Interview

George and Queen

George and Queen

Monday 9th August, 2010 12:33PM

Auckland-based indie-folk foursome George and Queen are on the cusp of releasing their third album, Teenagers and Grownups, and to mark the event we flicked a few questions to guitarist Neil Newton.

Congratulations for on the new album, what was your inspiration for titling the release Teenagers and Grownups?

Well, we recorded the album in two bursts, roughly half of the songs each time. Our producer, Dave Holmes, mentioned that each session had contrasting songs to the other, that they were like 'teenagers and grownups'. And this struck us as a good name for the album. I'd like to think that the songs sound energetic and raw (from playing them live in the studio with few overdubs), yet that our sound, as a band, has matured.

How do you think the album differs from your previous releases, City and The Wind is Up? Was it a natural progression for George and Queen?

The album has some quite significant differences to both previous albums. It is a lot more angular and we have really concentrated on using dissonance within pop music and seeing what we could do with interweaving guitars, as opposed to playing block chords. A lot of the songs are punchy and upbeat – more so than our last two albums – and we improvised a lot in the studio. I think it fits our natural progression as a band. Our first two albums were different from each other, and I imagine that every album we do will be different to the ones that precede. Maybe they are each like individual meditations on a certain musical aspect.

What did you wish to achieve with this release? What was your motivation?

Well, the motivation was quite simple: we had an albums worth of material that we liked, and we received funding from Creative NZ to record them. We have always self funded our music, and we couldn't afford to do it again, so it was a relief to have Creative NZ step in and pay for it. As far as what we want to achieve, well that is simple. I think we have already achieved it. It is an album we are proud of. I just hope other people like it as much as we do.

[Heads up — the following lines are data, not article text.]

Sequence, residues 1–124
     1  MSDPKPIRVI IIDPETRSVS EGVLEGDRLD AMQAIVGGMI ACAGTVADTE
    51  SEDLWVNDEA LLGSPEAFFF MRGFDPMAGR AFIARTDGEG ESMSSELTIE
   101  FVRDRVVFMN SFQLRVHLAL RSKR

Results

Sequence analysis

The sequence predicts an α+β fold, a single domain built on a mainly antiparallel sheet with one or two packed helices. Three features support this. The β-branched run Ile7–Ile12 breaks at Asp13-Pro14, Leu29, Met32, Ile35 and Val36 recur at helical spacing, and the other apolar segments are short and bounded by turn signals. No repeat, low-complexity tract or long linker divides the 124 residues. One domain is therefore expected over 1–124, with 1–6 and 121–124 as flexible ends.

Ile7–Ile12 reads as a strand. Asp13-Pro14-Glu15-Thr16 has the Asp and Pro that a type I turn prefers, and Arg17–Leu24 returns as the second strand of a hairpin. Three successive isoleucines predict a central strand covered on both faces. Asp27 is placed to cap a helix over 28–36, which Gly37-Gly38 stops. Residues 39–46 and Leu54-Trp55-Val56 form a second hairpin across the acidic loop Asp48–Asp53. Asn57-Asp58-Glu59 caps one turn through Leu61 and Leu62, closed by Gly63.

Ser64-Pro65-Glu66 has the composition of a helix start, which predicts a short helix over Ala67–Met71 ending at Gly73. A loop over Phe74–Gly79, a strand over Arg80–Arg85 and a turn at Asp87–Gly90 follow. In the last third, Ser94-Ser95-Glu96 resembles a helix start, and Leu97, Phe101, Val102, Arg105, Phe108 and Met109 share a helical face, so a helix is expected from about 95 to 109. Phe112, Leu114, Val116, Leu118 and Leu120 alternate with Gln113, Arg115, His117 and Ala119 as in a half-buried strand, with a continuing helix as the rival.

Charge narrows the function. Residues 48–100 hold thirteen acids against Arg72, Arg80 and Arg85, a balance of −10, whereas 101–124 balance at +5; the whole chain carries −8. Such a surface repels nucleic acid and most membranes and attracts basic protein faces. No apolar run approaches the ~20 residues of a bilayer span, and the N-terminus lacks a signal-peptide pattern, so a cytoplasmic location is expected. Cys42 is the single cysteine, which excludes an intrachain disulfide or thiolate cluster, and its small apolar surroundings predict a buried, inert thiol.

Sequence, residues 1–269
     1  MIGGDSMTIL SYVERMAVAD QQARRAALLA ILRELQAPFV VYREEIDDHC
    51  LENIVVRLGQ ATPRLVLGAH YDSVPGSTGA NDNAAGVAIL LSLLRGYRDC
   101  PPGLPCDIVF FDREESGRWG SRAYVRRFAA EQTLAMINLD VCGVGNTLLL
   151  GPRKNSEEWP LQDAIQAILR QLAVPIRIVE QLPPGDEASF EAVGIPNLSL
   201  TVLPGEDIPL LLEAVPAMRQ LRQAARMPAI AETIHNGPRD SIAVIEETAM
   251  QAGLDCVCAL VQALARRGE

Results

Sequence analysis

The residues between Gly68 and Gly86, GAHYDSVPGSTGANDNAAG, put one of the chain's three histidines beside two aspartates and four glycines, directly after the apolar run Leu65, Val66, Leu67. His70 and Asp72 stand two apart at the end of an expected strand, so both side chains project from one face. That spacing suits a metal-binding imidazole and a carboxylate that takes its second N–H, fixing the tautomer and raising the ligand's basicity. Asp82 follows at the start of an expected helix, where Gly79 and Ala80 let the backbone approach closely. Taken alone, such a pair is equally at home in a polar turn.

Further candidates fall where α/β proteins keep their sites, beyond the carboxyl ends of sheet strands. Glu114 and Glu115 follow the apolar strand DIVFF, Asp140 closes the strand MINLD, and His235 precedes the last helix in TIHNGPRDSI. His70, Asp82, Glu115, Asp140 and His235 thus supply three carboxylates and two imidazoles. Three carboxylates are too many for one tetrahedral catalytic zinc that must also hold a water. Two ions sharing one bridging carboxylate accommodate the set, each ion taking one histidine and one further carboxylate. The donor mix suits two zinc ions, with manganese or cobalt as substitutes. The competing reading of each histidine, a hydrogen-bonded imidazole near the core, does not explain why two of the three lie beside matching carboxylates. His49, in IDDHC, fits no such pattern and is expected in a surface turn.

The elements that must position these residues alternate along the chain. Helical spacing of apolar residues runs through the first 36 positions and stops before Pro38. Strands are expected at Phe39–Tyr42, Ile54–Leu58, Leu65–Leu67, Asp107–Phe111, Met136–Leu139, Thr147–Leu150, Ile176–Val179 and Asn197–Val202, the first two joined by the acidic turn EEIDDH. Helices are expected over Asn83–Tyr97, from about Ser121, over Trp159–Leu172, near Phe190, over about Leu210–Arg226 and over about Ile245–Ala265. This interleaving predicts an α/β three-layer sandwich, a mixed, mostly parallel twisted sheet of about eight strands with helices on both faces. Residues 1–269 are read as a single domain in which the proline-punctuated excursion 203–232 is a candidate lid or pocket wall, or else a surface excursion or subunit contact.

Was Teenagers and Grownups a collaborative project for all four members of George and Queen? What was your song-writing process? Did it run smoothly?

It is collaborative to a certain extent. Each member writes their own parts. We always work that way, and it can take some time before we're all happy with a song. But the songs in general are always written by either Immi or myself, and in this album we share the songwriting evenly. And yes, fortunately, it did run pretty smoothly.

Your album release party is at the Whammy Bar on April 17th, what can we expect from George and Queen’s live show?

Well, hopefully you can expect a good show. We've put a lot into it. We also like to improvise. For me, personally, improvisation is the height of musical expression. The likelihood of something pre-written being able to express what you feel at a particular instant is extremely unlikely, whereas improvisation offers you that freedom. And, because we improvise a lot, you never quite know what to expect.

Do you have a national tour lined-up to promote the album? What do you enjoy most about hitting the road? Any particular venue/town you fancy above the rest?

Actually, there is no tour for this album – at least, not immediately. It's one of those unfortunate things – where things came up which can't be avoided. But I sure hope we can tour again soon. Previously, though, the thing I've liked most about touring is meeting other musicians around the country and hearing other bands that I usually wouldn't get a chance to meet or hear. There are some good bands out there that are only known in their particular cities and there isn't much in the way of support to help them get known elsewhere. There are lots of cool places around the country – I have fond memories of the Harbour View Hotel in Raglan, for instance. But my favourite venue to play at is the Whammy Bar. We like the staff and the people that go, and the energy that can be found there... so even though we can't tour at least we aren't missing out on that.

What is next for George and Queen?

To be honest, I don't know. Something will happen. You can be sure of that.

Karyn Cushen




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